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Hope Star - Hope, AR
  • Ninety-four years of variety

  • If you saw Jim Hogue on the street, you wouldn't think he just turned 94 years old this month.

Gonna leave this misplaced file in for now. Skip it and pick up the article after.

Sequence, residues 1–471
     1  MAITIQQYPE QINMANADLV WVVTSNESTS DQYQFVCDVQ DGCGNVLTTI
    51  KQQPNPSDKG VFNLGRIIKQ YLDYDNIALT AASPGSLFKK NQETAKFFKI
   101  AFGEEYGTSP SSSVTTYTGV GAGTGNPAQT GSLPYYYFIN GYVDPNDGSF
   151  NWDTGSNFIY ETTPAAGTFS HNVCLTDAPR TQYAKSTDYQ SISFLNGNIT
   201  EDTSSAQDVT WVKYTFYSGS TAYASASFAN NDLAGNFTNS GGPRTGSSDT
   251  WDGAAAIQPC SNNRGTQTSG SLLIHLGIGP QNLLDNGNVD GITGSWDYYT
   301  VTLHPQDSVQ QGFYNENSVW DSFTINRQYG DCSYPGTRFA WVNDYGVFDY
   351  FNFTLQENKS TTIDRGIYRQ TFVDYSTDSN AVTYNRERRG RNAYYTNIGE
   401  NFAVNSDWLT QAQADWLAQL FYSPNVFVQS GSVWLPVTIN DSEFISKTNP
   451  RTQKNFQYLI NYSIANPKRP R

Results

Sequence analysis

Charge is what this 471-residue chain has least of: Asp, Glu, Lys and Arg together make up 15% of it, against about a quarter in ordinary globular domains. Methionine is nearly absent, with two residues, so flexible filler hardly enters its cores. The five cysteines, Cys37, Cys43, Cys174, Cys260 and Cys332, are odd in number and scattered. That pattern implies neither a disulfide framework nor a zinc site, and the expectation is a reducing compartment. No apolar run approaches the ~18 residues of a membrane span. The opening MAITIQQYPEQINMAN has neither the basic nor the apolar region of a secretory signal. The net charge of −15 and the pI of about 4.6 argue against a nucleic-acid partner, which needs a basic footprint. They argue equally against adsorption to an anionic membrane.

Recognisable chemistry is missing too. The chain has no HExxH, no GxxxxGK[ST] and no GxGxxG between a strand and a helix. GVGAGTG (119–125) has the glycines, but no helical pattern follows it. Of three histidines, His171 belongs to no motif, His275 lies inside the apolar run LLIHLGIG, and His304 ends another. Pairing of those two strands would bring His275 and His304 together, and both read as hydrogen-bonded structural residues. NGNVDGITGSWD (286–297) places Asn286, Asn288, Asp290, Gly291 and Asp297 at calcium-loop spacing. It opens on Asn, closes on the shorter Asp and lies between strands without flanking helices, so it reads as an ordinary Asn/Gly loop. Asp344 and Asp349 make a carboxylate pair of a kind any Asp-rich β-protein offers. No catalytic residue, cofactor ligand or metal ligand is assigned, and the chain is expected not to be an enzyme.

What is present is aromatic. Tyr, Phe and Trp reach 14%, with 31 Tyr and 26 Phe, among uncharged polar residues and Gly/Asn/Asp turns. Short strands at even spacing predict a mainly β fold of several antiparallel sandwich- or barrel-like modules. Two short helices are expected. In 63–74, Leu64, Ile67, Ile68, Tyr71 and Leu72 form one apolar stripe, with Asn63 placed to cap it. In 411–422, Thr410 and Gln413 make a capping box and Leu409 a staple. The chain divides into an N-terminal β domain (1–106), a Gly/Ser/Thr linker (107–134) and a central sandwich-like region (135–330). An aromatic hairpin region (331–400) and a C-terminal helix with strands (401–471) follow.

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  • If you saw Jim Hogue on the street, you wouldn't think he just turned 94 years old this month. “I was born September 17, 1917, in Stockton,” Hogue said. “The town was named after Stockton Bottoms. The town was barely into Nevada County and about seven miles north of Waldo. “I grew up with two brothers and two sisters,” he said. “I graduated high school at Willisville, in 1939.” Hogue recounts his varied careers over 94 years, beginning with a stint in the military. “On February 6, 1941, I was drafted into Company D, 153rd Infantry out of Magnolia,” Hogue said. “If you were 21 and older, you didin't have to have parental consent, but if you were under 21, you had to have a parent sign you in. I was barely 21 when I signed up...I mean weeks.” Hogue received his basic training at Camp Robinson in Little Rock and was a cook and baker in the U. S. Army for two years. “I made mess sergeant in Alaska and went to Amarillo for training. My eyes weren't very good and I was supposed to have surgery, but I was called back. I went to Athens, Texas, and Ft. Meade, Maryland, and never got a chance to get the eye surgery,” he said. “I got people ready to go overseas,” Hogue said. “I got their clothes exchanged, and issued gear for them to go overseas. After that assignment, I went to Camp Adair, Oregon, and instructed men to operate flame-throwers. I did that for five months, and that was dangerous instruction.” Hogue got out of the Army in November, 1945, and stayed in Oregon for a year. “After I got out of the Army, I came back to Hope, and worked for E. P. Young at his Chevrolet place here,” he said. Hogue went to Texas for 30 years and worked at various jobs. He spent 10 years in Nocona, Texas, where he owned a Chevy and Oldsmobile dealership. “I also worked in the Dallas area for 20 years,” he said. “I came back to Hope in 1979 and worked for Young Chevrolet again.” Along the way, Hogue got married to his first wife, Johnnie, who died in 1978. They had three girls, two of which are still living. They also had six grandsons. “When my girls were growing up, we were always active in their lives,” Hogue said. “I was active in the P.T.A. and I was an assistant Girl Scout leader for about 10 years.” Hogue married his second wife, Barbara, 27 years ago. The couple recently celebrated their anniversary. When asked what advice he would give to young people, he replied, “Believe in the Lord and let Him help you. Being in the automobile business has taught me to be nice to everyone and I've learned, you won't have any enemies.” His faith has carried him throughout his life, he said. “I attribute my 94 years to the Lord. It's all about Him,” he said. “The Lord has been good to this young man my whole life. People need to exercise and eat right. I did heart rehab for four months, recently. They found a blockage and put balloons in my heart and one stent. “That's the only time I have ever had heart trouble and I just got a t-shirt for my graduation from the rehab,” Hogue said, smiling proudly. “I was proud of that shirt. You've got to put your trust in the Lord and believe that He will protect you and your life will be wonderful.”
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